What do you think makes a great rail-trail?
We feel it’s much more than just the trail itself. For most people, the scenery is the big draw. Rail-trails can transport us to some of America’s most beautiful places—along rivers, through forests and mountain ranges and far from the maddening crowd.
But what about the wonderful trailside communities, shops, B&Bs and restaurants? And compelling information about the rail corridor’s history? Or the enormous utility of the trail because it connects to schools and parks and work places? Or the passionate and generous volunteer group that keeps the trail maintained?
It’s these extra details—the tales beyond the trail—that separate a great trail from a trail worthy of induction into Rails-to-Trails Conservancy’s Rail-Trail Hall of Fame.
Which brings us to some good news. RTC is very pleased to announce that the Virginia Creeper National Recreation Trail is to be the latest inductee.
The Virginia Creeper, which runs 34 miles through Grayson and Washington counties in Virginia’s southwest, is one of the region’s most prominent recreational draws, and is credited for the economic rejuvenation of a number of local communities that were suffering from the decline of some industries that had supported the region.
And the success of the Virginia Creeper is now inspiring the creation of new rail-trail plans throughout the region as business leaders and advocates see concrete proof that not only are destination trails loved and appreciated by local residents, they are also valuable economic assets whose benefits spread throughout the community.
RTC’s own president, Keith Laughlin, rode the Virginia Creeper a little while back—and to this day still raves about the experience. “It’s a truly beautiful part of the world,” he remembers. “In addition to the remarkable scenery, those mountains of southern Appalachia are rich with a fascinating railroad history that adds an extra dimension to rail-trails like the Creeper. And towns like Damascus and Abingdon have done a wonderful job of welcoming visitors and making the trail an integral part of their communities.”
RTC began formally recognizing exemplary rail-trails around the country in 2007. The first Rail-Trail Hall of Fame inductees were the Great Allegheny Passage (Pa./Md.), the Katy Trail State Park (Mo.) and the Fred Marquis Pinellas Trail (Fla.). The most recent addition was the Greenbrier River Trail in West Virginia.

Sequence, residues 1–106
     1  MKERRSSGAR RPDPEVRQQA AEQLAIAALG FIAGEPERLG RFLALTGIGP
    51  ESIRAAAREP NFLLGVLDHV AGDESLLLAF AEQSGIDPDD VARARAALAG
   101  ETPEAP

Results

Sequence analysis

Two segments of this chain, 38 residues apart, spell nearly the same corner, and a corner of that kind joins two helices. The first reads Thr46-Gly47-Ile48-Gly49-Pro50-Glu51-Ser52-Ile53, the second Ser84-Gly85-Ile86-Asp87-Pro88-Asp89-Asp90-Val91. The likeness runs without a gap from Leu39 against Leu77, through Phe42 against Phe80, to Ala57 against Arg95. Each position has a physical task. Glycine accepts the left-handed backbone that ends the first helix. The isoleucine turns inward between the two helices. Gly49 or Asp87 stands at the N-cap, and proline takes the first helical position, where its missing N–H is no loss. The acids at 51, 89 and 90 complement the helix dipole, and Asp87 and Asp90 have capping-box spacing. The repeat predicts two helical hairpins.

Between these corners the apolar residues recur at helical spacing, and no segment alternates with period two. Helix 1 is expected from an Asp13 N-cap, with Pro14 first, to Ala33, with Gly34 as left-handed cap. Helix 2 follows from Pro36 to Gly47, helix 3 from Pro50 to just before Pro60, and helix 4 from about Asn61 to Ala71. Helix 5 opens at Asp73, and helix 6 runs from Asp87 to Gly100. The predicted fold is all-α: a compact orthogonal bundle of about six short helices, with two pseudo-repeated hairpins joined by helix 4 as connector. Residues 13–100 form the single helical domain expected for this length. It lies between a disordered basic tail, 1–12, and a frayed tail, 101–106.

Deservedly, the Virginia Creeper finds itself in good company as the 27th inductee into the Hall of Fame.
Hall of Fame inductees are selected on merits such as scenic value, high use, trail and trailside amenities, historical significance, excellence in management and maintenance of facility, community connections and geographic distribution. The Virginia Creeper is a model in each of these areas.
To learn more about this wonderful rail-trail, check out our own Laura Stark’s great Trail of the Month feature on the Virginia Creeper. And for those in the area, stay tuned; we’ll be hosting an RTC Hall of Fame celebration and induction ceremony along the Virginia Creeper later this year.
Jake Lynch is RTC’s marketing and media relations specialist. Born and raised in the wilds of rural Australia, Jake now helps tell the story of America’s rail-trails, from big cities to one-horse towns and everywhere in between.
Biked a round trip from Abington to Damascus yesterday on one of those perfect spring days. The rounded forested peaks cap the beauty of the many cow pastures and fast waters of Laurel Creek and South Holston Creek. The Creeper is my favorite bike trail for its gift of rural beauty and urban friendliness
My husband and rode the Virginia Creeper Trail to celebrate our 47th wedding anniversary in 2012. It was a great ride and we found the surrounding towns charming. The scenery has drawn us back several tkmes.
We lived near this trail for many years and enjoyed it immensely. An added plus is that the main street of the town of Damascus, which provides bikes and shuttles and is a mid-point of the Creeper, is actually part of the Applachaian Trail...talk about great conversations!
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